If you’re a member of the CIEP at one of the professional grades, did you know you can get some free legal advice? (Log in to the CIEP website, go to the members’ area, then Benefits and scroll down to the last block of info.)

Are you aware of all the member benefits the CIEP offers? It’s a growing list! Are you signed up to and do you use the forums? They’re one of the best benefits – places to ask questions and offer answers to others, and take part in discussions that may well broaden your scope. Even if you only join the forums to lurk – to read without posting – you’ll find a wealth of helpful and interesting material.

If you’re not a member, then take a look at the resources the CIEP offers to the public.

More prosaically, do you buy reference books on paper or use online versions? Style manuals, dictionaries, grammars, editorial textbooks, etc? Which is most cost-effective for you?

Have you checked you’re on the fastest broadband package you can afford from your supplier? If your connection is a bit unreliable, or slow, then you might feel it’s a sensible investment to have paper copies of certain reference works – perhaps in addition to online versions.

What about founding a mutual support group – people who can help out if you can’t work and need someone to complete the job? Could that group also be a mastermind or accountability group to support you in your business as well as your editing and proofreading?

The bottom line

You’ve spent a lot of time and effort – and money – in developing your skills as an editor and/or proofreader. You’ve undertaken training to learn your craft and how to apply editorial judgement as you work with the text.

Businesses don’t happen by accident – and they don’t stay viable by accident, for the most part.

The judgement you rely on when working with words is just as applicable to your business life. Make good use of it!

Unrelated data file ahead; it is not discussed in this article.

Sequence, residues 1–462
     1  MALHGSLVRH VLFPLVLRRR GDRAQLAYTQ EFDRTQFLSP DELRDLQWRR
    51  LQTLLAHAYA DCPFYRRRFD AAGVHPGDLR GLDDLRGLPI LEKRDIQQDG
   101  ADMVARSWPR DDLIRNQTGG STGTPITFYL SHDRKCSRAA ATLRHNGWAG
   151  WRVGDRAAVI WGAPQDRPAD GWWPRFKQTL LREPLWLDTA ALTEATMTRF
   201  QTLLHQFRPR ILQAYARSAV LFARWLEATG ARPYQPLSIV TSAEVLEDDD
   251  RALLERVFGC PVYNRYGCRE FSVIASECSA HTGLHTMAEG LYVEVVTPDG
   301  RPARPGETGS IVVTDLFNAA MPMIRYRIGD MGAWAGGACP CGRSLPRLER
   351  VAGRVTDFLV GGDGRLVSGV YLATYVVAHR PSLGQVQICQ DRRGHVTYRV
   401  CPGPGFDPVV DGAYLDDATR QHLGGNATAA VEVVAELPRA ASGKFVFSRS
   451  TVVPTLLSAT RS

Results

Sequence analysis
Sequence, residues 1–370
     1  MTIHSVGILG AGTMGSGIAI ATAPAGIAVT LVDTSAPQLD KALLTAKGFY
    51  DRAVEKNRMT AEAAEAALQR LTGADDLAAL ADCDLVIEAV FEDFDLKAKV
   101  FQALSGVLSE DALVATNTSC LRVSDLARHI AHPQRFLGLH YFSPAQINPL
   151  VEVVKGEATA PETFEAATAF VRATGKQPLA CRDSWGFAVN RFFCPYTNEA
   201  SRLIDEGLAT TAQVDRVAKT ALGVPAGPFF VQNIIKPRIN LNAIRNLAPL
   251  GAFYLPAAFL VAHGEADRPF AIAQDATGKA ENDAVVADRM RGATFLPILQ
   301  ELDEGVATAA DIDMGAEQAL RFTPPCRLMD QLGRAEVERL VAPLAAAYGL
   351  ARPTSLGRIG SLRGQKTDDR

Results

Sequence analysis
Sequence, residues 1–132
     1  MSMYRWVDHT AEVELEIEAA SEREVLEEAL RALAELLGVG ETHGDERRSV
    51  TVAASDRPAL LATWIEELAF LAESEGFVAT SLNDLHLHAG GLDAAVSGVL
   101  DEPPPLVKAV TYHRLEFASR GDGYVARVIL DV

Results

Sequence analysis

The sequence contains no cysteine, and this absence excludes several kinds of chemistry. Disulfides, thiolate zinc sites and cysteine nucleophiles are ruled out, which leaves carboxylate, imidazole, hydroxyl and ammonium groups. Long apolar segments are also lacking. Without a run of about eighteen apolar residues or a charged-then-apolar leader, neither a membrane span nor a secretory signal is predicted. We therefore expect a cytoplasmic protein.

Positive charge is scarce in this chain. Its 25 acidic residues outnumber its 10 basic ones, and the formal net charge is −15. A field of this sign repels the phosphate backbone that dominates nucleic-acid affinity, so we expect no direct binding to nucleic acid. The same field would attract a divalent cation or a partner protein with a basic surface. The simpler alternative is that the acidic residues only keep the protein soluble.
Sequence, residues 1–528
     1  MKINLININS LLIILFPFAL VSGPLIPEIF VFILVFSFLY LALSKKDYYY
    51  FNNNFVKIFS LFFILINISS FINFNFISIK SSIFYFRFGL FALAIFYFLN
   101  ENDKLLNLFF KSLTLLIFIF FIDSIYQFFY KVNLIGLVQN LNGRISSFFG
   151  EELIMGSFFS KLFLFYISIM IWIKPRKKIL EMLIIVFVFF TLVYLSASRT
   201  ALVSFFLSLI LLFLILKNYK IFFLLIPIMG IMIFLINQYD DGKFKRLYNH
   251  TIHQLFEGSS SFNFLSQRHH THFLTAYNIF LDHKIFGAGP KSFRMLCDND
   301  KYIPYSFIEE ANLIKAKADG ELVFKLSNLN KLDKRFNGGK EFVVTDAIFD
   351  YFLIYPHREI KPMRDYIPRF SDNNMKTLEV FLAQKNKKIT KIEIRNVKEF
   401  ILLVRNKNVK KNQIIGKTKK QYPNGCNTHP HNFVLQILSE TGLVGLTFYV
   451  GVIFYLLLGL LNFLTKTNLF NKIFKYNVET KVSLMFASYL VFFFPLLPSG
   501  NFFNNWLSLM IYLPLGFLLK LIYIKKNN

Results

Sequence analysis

About Sue Littleford

Sue Littleford is the author of the CIEP guide Going Solo, now in its second edition. She went solo with her own freelance copyediting business, Apt Words, in March 2007 and specialises in scholarly humanities and social sciences.

 

 

About the CIEP

The Chartered Institute of Editing and Proofreading (CIEP) is a non-profit body promoting excellence in English language editing. We set and demonstrate editorial standards, and we are a community, training hub and support network for editorial professionals – the people who work to make text accurate, clear and fit for purpose.

Find out more about:

 

Photo credits: tortoise by Marzena7 on Pixaby, notebook by Suzy Hazelwood from Pexels.

Posted by Harriet Power, CIEP information commissioning editor.

The views expressed here do not necessarily reflect those of the CIEP.

A week in the life of a journal/series editor

Margaret Hunter specialises in editing all sorts of texts for organisations and businesses. Here she gives an insight into the particular editing requirements for regular and repeated publications, such as journals and series, and shows how both editors and their clients can benefit from efficient editing practices.

Editing recurring publications: how to ensure consistency and edit quickly and efficiently

OK, so editing articles for a journal or series usually takes more than a week (usually two for mine), but here’s a snapshot of how I tackle this sort of work. I can, of course, talk only about the titles that I work on, and you may find yourself working to different requirements, but I hope I can pass on some useful general insights and tips that will help you edit recurring publications efficiently and quickly.